The world of food can be a fraught place of discrimination, bad pay, and uncomfortable working hours and environments, but it is also a place of vision, incredible creativity, joy and, of course, dinner.
Author and illustrator Lindsay Gardner’s new book, Why We Cook, takes these ideas and contradictions and asks female chefs, cooks and food writers for their thoughts and feelings around the time they spend in the kitchen.
Here’s what you need to know . . .
The book: Why We Cook: Women On Food, Identity, And Connection by Lindsay Gardner.
Who will love it? Not just women, that’s for sure. If you’re connected to or intrigued by the food industry and its quirks and problems, or are a sucker for a good food story and spend many a daydream recalling your own top meals of all time, you will find a nook to enjoy in this book. Ms Gardner calls Why We Cook “a celebration of women’s culinary contributions, achievements, and stories” (and notes that ‘woman’ refers to anyone who identifies as a woman), making it an inclusive read for all.
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What is it trying to get us cooking? Interspersed with essays, memories, chef interviews and pie charts, you will find illustrated recipes from individual chefs, the only link between them being the fact they are important to the creator. There are sage buffalo meatballs with sweet potato puree, a citrus almond polenta cake, grilled wild salmon tacos and cabbage and wild mushroom pancake – but the focus is less on the specifics, and more on thinking about how we all relate to food, and what we enjoy cooking and why. The recipes are an added bonus.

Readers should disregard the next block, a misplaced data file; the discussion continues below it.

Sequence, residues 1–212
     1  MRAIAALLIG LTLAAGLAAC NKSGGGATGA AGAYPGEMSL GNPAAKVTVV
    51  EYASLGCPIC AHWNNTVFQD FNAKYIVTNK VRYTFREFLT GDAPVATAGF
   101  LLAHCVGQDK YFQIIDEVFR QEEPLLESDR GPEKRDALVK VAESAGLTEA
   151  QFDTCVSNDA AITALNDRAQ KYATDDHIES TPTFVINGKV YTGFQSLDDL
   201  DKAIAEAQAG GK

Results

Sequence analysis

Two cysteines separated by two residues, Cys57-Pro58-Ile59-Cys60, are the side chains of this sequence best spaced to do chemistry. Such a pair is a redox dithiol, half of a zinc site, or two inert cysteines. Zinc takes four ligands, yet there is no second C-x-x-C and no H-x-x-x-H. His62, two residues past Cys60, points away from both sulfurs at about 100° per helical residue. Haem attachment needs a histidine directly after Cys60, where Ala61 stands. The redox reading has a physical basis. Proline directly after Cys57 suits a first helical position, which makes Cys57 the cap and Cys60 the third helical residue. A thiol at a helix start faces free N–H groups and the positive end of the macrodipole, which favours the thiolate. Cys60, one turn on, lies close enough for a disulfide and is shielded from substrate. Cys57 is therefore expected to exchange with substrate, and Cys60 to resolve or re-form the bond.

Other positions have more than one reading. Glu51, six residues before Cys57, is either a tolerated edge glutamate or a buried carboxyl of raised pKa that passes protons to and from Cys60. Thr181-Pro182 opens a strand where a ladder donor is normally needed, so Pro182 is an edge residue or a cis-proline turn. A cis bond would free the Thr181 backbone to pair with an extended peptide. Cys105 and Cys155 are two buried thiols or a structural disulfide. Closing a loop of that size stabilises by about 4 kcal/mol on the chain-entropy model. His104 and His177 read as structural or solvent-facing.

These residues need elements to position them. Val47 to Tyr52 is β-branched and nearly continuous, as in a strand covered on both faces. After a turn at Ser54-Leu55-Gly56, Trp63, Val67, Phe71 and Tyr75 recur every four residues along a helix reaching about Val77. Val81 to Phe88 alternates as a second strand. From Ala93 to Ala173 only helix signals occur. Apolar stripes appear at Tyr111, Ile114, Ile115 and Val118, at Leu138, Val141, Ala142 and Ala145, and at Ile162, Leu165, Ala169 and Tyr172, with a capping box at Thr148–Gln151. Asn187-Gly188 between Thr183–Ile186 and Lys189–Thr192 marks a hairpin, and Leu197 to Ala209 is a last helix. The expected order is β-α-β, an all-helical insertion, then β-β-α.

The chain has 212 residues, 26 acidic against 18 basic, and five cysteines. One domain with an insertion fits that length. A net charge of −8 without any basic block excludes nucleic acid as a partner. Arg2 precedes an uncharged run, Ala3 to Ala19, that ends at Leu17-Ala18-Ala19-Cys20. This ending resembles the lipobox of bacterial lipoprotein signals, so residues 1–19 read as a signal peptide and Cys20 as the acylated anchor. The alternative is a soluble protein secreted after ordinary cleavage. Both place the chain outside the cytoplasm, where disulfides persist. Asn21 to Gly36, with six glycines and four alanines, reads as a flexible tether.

How easy is it to use? If you’re expecting a straightforward cookbook, this is not it. You’re more likely to find yourself reading it, dipping in and out of the interviews, answering the ‘favourite ingredients’ and ‘treasured kitchen items’ sections and considering conversation starters (like ‘What do you think of as comforting or healing food?’) while eating your dinner, rather than ahead of making it. That said, the recipes themselves, once you’ve landed on them, are mostly manageable (start with the buttermilk and butter lettuce salad and work your way up) and easy to follow. However, you may find it frustrating at times, when a specific dish is mentioned, but no recipe is supplied alongside.
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The best recipe is … Mimi Mendoza’s Caneles de Bordeaux (below). These crunchy, crispy, gooey pastries are ridiculously delicious.
The recipe we’re most likely to post on Instagram is … Mutsuko Soma’s soba noodles. Handmade noodles are just so mesmeric and therapeutic to work with.
The dish we’re least likely to try is . . . Those sage buffalo meatballs – buffalo is hard to get around these parts. Beef might have to sub in.
Overall rating: 7/10. Beautifully illustrated by Ms Gardner, Why We Cook is thoughtful, quizzical and informative. And while the names featured are largely unknown to international audiences, it will introduce you to a raft of talented food writers and chefs worth knowing about.